Thousands of Somalia refugees are on the move after the government in Eritrea decided to close down its only refugee camp.
Appealing to the government, the United Nations Refugee Agency, UNHCR, asked authorities to continue to work with them in providing protection and solutions for those seeking help in Eritrea. Concerns arose over not offering solutions for residents, some of whom have been in the camps for almost 20 years. Many of those who abandoned the camps are now in Ethiopia.
The move brought additional scrutiny on the northeastern African nation, already under fire for its ongoing human rights crisis. Religious rights watchdogs have long been making noise about the country’s treatment of its Evangelical Protestant population. Voice of the Martyrs Canada spokesman Greg Musselman says Eritrea’s history is important context for understanding this move.
From pressure to persecution
The Church has been operating in the country since the early 1950s and seeking registration since 2002. Musselman says, “There is this fear that evangelical Christians there they retreated are now siding with the West and the CIA. They’re ‘trying to bring down the government,’ which is very oppressive, led by President Isaias Afwerki.”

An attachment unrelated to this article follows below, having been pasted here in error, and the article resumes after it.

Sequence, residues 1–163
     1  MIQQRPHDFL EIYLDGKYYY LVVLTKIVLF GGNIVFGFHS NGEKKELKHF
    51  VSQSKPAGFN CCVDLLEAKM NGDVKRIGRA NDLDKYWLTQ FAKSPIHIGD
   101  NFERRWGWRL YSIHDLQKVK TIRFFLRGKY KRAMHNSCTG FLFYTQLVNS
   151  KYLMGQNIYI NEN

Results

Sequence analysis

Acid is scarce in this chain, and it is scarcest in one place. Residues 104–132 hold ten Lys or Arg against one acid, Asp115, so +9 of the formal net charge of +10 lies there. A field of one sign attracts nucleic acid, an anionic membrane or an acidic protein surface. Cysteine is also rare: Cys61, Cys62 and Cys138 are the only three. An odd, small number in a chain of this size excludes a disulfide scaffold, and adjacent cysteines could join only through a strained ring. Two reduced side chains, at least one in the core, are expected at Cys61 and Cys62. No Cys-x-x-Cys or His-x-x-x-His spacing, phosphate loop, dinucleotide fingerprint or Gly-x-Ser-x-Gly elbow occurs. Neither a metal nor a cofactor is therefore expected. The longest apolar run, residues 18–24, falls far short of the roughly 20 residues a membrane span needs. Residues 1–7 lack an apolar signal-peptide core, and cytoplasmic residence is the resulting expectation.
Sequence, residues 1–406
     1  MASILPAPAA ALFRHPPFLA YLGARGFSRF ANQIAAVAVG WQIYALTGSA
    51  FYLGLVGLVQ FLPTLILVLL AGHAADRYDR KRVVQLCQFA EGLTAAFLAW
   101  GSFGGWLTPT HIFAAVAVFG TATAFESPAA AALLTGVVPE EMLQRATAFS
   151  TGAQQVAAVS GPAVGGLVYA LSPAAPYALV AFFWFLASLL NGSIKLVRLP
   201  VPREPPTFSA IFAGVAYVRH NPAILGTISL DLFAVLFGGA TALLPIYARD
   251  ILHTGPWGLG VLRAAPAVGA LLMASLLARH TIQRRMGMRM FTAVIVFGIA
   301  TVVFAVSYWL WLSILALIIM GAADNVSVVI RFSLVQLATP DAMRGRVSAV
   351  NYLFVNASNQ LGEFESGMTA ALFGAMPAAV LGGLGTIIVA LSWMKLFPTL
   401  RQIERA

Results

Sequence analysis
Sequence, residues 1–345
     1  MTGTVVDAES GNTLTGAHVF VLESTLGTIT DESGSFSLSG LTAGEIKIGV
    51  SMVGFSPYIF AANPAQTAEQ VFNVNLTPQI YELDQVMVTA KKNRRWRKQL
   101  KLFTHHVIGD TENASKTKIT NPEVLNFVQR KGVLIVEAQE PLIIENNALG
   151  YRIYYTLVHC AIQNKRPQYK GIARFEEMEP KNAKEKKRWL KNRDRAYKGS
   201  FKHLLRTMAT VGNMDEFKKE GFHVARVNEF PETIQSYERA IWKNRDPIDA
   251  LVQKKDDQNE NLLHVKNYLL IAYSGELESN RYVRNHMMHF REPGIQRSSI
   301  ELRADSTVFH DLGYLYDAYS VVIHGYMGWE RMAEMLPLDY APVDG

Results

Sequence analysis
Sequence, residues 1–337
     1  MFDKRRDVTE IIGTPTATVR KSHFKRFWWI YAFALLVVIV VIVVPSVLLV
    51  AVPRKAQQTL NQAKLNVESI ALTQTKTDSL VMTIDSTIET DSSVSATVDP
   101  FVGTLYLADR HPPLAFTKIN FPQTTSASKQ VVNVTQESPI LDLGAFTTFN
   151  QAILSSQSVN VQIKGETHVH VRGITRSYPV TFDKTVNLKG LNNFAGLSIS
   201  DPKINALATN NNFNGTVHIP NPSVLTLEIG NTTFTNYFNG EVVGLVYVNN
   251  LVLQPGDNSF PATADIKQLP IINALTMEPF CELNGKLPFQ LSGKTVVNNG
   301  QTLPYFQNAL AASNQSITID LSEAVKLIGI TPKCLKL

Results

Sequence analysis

Continuing in that school of thought, the government essentially outlawed any religious practice not associated with Roman Catholicism, Eritrean Orthodoxy, Evangelical Lutheran denominations, or Sunni Islam.
“Then what happened as a result of the churches, the evangelical (Protestant) churches being closed down, believers then started to meet in their homes,” Musselman explains. “The government got wise to that, and then went around arresting these Eritrean believers and putting them in prison, shipping containers. Thousands were imprisoned; many tried to escape; some died trying to escape.”
Click here to read more.
SOURCE: Mission News Network, R.B. Klama